Jena University Hospital, Friedrich Schiller University, Institute of Human Genetics, Kollegiengasse, Jena, Germany
*Corresponding author Email: Thomas.Liehr@med.uni-jena.de
Copy number variations are nowadays most often understood as submicroscopic gains or losses of chromosomal material, either connected with a disease or just one of the many possible genetic variants in man. However, besides such submicroscopic copy number variations,already decades ago chromosome analysis revealed the existence of cytogenetic visible copy number variations; first discovered were the chromosomal heteromorphisms, more recently euchromatic variants and unbalanced chromosome abnormalities without phenotypic consequences. Recently, for submicroscopic copy number variations a so-called two-hit model suggested. This suggests that the combination of per se harmless size variants may be led to clinical aberrations if they are present together in a patient.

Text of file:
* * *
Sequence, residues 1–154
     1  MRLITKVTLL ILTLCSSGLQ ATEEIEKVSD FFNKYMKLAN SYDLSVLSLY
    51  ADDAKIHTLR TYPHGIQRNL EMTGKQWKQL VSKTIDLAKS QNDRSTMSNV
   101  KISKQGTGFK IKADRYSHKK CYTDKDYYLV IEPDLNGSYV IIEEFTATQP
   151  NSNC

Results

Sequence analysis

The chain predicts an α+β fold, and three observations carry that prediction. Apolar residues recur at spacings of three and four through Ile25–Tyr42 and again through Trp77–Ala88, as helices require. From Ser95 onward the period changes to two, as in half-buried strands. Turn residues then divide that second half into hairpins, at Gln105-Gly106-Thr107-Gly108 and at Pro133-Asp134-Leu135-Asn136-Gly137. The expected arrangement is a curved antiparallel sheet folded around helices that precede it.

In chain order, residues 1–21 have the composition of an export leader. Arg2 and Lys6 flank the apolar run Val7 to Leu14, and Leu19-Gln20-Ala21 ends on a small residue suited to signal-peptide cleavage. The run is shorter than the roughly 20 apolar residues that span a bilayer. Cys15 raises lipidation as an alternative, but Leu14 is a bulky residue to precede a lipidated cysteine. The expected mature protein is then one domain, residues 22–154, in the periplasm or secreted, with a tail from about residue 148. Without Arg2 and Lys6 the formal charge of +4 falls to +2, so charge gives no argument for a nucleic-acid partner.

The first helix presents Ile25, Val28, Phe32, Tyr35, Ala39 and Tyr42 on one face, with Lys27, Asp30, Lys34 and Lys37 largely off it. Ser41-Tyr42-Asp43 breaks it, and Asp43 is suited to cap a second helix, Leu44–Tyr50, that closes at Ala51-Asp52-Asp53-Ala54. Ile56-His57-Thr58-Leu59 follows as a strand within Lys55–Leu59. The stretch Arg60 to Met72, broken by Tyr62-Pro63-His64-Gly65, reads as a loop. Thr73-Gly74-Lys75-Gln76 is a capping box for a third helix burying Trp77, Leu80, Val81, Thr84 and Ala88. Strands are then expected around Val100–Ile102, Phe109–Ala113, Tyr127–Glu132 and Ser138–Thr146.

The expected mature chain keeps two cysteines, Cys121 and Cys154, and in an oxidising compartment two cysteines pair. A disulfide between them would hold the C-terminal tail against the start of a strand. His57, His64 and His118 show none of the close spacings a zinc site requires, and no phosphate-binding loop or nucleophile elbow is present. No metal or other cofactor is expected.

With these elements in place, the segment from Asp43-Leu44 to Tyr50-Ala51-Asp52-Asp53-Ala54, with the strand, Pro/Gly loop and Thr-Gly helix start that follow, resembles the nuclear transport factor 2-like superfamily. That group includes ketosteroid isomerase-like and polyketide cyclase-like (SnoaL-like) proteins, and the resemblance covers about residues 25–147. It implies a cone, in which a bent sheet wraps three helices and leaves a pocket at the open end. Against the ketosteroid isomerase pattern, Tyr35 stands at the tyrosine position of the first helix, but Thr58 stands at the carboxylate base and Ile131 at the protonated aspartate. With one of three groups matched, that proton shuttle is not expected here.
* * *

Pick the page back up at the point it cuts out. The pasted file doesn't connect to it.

A literature based comparison of cytogenetic visible copy number variations and MG-CNVs revealed that, biologically, besides size, these two groups of copy number variations do not really differ. Both may be present as heterochromatic (gene-poor to gene-free) and euchromatic copy number variation-variants. Identical regions have even been reported as cytogenetic visible copy number variation and a submicroscopic copy number variationsindependently. This study reviews the differences between submicroscopic and microscopically visible CNVs.
Yet cytogenetic visible copy number variations, especially chromosomal heteromorphisms are by far not considered enough in evaluation of routine cytogenetic analysis as well as in array-based comparative genomic hybridisation analysis.